20. 20. BUNGARUS NIGER(KRAIT) ENVENOMING 20 hr post-bite 20
  21. 21. NEUROTOXIC ENVENOMING-EXAMINATION • Krait can cause fixed, dilated non reactive pupils simulating brain stem death – however, it can recover fully • Ask the patient to open their mouth wide and protrude their tongue; early restriction often due to paralysis of pterygoid muscles. 21
  22. 22. HOW TO IDENTIFY FOR BULBAR PALSY & EARLY RESPIRATORY FAILURE 22
  23. 23. BULBAR & RESPIRATORY PARALYSIS • Impaired swallow or are secretions accumulating in the pharynx- an early sign of bulbar paralysis. • Objective measurement of ventilatory capacity is very useful. Use a peak flow meter, spirometer (FEV1 and FVC) • Ask the patient to blow into the tube of a sphygmomanometer to record the maximum expiratory pressure (mmHg). 23
  24. 24. PARADOXICAL RESPIRATION • This is an abnormal pattern of breathing in which the abdominal wall is sucked in during inspiration (it is usually pushed out). • Due to paralysis of the diaphragm. 24
  25. 25. HEMATOLOGICAL SIDE EFFECTS • Venom induces bleeding. • Venom induces clotting. • Venom induces haemolysis. • Haemorrhagin – causes direct endothelial damage by loosening the gap between endothelial cells. • Pro-coagulant factors. • Anticoagulant factors. • Fibrinonolytic factors. 25
  26. 26. SNAKE VENOM AND THE COAGULATION CASCADE RVV – Russel’s Viper Venom ECV – Echis carinatus Venom
  27. 27. PTT 27
  28. 28. 20 MIN WHOLE BLOOD CLOTTING TEST • Take 2 ml fresh blood in glass vessel • Leave undisturbed for 20 minutes • If blood is still liquid – incoagulable blood – Hypofibrinogenaemia/DIC • Repeat the test periodically if positive – Normal WBCT is 6-8 min 28
  29. 29. LOCAL SYMPTOMS & SIGNS IN THE BITTEN PART • Fang marks • Local pain • Local bleeding • Bruising • Lymphangitis • Lymph node enlargement • Inflammation (swelling, redness, heat) • Blistering • Local infection, abscess formation • Necrosis 29
  30. 30. Russell’s Viper Bite 30
  31. 31. LOCAL NECROSIS 31
  32. 32. WHAT ARE THE SYSTEMIC MANIFESTATIONS OF THE ENVENOMATION ? 32
  33. 33. 33
  34. 34. MANAGEMENT 34
  35. 35. FIRST AID/PRE HOSPITAL CARE • Reassure the victim • Immobilize the bitten limb with a splint or sling • Avoid any interference with the bite wound as this may introduce infection, increase venom absorption & local bleeding • All rings, watches, constricting clothing should be removed. 35
  36. 36. 36
  37. 37. COMPLICATIONS OF ARTERIAL TOURNIQUET  Congestion & swelling  Ischaemia & gangrene  Damage to peripheral nerves  Increased bleeding from bite site 37
  38. 38. TOURNIQUET GANGRENE 38
  39. 39. INCISION & SUCTION 39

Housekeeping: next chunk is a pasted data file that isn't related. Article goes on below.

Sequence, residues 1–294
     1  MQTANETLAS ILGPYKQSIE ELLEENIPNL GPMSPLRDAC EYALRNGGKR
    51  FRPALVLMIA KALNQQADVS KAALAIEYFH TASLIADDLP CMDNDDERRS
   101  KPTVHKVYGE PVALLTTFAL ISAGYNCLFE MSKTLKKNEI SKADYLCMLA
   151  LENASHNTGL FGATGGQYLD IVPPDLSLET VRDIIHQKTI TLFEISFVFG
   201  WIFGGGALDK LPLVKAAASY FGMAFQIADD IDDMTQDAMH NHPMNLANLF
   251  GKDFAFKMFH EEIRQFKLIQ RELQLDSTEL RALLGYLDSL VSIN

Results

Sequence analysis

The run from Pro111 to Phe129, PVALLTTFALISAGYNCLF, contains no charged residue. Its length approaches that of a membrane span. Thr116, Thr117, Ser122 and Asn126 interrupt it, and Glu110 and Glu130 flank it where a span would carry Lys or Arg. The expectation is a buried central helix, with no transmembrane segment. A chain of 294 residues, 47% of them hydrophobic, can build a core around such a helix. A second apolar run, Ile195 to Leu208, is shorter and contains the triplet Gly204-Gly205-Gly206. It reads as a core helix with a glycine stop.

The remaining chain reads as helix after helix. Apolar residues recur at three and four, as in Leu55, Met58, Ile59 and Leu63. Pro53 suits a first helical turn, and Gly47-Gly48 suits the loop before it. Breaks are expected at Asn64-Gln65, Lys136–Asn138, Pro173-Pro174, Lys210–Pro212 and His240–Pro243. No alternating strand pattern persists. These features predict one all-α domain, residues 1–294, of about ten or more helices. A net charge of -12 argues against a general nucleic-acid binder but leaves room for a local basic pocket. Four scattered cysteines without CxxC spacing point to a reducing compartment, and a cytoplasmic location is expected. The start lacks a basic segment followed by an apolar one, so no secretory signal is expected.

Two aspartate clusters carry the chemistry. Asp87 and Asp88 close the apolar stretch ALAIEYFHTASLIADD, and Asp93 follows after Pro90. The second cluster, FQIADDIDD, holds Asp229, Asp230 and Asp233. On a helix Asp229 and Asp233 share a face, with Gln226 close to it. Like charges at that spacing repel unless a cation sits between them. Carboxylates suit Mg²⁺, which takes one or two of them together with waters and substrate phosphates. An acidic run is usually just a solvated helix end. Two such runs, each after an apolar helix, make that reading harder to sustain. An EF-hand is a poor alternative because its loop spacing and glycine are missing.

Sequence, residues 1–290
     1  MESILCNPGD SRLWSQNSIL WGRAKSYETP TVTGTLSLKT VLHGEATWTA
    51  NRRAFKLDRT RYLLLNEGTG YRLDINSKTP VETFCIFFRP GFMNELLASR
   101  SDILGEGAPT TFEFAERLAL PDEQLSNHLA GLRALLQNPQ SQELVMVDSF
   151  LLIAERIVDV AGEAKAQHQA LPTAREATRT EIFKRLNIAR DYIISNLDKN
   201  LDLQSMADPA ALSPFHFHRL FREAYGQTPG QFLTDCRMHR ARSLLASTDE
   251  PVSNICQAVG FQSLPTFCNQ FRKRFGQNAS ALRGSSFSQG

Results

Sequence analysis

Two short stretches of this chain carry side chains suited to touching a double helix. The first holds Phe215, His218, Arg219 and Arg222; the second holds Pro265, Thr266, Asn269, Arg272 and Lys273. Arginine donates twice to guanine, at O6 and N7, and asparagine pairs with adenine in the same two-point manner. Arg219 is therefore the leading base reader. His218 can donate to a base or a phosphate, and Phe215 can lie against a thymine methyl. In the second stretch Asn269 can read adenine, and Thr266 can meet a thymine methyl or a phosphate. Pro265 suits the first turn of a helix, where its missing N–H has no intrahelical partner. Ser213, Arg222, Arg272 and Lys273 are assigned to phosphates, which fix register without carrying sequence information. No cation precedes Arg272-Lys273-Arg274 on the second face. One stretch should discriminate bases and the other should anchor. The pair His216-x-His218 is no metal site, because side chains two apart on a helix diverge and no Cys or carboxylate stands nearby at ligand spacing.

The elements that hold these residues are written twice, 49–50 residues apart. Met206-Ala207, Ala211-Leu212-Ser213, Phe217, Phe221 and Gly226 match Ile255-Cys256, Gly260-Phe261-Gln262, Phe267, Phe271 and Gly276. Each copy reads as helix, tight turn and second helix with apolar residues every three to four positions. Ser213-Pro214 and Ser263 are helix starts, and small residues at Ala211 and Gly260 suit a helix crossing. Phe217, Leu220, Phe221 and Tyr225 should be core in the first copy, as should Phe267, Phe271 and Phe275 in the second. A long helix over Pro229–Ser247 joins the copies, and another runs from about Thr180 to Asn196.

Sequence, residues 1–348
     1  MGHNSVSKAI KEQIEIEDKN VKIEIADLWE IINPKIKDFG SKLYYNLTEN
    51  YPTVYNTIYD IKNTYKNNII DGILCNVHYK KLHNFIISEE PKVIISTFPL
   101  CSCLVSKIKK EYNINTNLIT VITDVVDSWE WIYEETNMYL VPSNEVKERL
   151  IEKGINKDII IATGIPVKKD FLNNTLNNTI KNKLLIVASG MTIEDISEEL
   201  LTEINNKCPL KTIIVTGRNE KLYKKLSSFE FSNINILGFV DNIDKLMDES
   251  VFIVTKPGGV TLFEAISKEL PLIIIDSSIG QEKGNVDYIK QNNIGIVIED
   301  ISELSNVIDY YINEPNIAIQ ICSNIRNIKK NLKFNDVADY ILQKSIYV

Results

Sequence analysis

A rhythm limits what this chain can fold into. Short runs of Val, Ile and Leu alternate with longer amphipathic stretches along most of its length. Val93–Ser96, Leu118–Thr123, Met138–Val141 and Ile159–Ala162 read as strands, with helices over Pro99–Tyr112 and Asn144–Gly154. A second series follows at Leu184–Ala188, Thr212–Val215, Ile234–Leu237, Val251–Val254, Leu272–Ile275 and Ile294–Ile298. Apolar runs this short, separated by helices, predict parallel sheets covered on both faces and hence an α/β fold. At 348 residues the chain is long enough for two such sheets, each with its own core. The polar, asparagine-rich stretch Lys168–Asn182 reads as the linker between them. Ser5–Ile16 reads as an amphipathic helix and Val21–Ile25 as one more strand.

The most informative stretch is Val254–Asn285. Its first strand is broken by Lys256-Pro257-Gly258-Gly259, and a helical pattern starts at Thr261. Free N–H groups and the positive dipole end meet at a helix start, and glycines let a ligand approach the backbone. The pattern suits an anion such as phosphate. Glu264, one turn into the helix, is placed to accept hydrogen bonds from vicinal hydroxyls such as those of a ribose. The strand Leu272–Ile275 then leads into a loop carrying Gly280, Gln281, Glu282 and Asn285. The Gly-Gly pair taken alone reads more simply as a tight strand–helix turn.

40. 40. HOSPITAL MEASURES FOR ASYMPTOMATIC PATIENTS a) OBSERVATION for 24 hours b) MONITOR: • PR, RR, BP • CBC-TLC ↑, Platelets ↓ • Urine output • BUN, Creatinine • PT, aPTT, INR • CPK (>600 IU/L) • Vomiting, diarrhoea • Abnormal bleeds • Local swelling necrosis • Continuous ECG monitoring • Blood gas analysis 40
  41. 41. MEDICOLEGAL 39 Code of Criminal Procedure under Constitution of India Article 21 MLC to be initiated 41
  42. 42. HOSPITAL MANAGEMENT, IF TOURNIQUET IS A ALREADY IN PLACE • Limb is ischemic – remove immediately • Limb is not ischemic: 1) Snake (unknown) or neurotoxic – Don’t remove until definite treatment (ASV) is initiated 2) Snake is viper – remove the tourniquet 42
  43. 43. ANTI SNAKE VENOM 43
  44. 44. INDIAN NATIONAL SNAKE BITE PROTOCOL • Systemic envenomation • Evidence of coagulopathy • Evidence of neurotoxicity • Cardiovascular abnormalities • Persistent and severe vomitting • Local envenomation • Local swelling involving half of the limb • Rapid extension of swelling Start ASV 45
  45. 45. ANTI SNAKE VENOM • ASV is Ig purified from the serum/plasma of a horse/sheep immunized with the venoms of one or more species of snake. • Monovalent/Polyvalent • The ASV in India is a polyvalent type which is active against the commonly found snakes in India - FAB Four. 46
  46. 46. Polyvalent antivenoms from India raised against venom from: • Cobra • Krait • Russel’s viper • Saw scaled viper No monovalent vaccine in India ANTI SNAKE VENOM 47
  47. 47. ANTI SNAKE VENOM • ASV comes in two forms lyophilised powdered and liquid. • Lyophilised ASV is simply liquid ASV freeze-dried. 48
  48. 48. ANTI SNAKE VENOM • Always to be given only by slow IV route only. • Never give IM route : poor bioavailability , painful and may increase intra-compartmental pressure. • Rate of infusion can be increased gradually in absence of reaction until full starting dose is administered(0ver ~ 1 hour) • Epinephrine (adrenaline) should always be drawn up in readiness before ASV is administered 49